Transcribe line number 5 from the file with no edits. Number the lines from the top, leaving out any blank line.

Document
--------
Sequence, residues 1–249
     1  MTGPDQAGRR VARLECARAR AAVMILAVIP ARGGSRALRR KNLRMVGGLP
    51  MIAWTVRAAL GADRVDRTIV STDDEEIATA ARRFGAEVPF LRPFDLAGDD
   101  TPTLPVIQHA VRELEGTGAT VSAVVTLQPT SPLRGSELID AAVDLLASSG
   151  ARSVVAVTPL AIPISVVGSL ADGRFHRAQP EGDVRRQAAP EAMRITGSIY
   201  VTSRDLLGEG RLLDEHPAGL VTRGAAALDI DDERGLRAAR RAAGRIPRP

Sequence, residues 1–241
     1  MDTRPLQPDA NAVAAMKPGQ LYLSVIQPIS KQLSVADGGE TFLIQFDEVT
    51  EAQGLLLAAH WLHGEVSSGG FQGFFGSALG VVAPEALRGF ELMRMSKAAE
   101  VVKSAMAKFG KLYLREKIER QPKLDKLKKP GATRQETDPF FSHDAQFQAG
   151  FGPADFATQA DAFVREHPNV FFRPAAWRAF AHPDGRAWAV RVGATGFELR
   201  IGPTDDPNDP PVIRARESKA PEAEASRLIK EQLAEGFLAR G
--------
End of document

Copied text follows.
   151  ARSVVAVTPL AIPISVVGSL ADGRFHRAQP EGDVRRQAAP EAMRITGSIY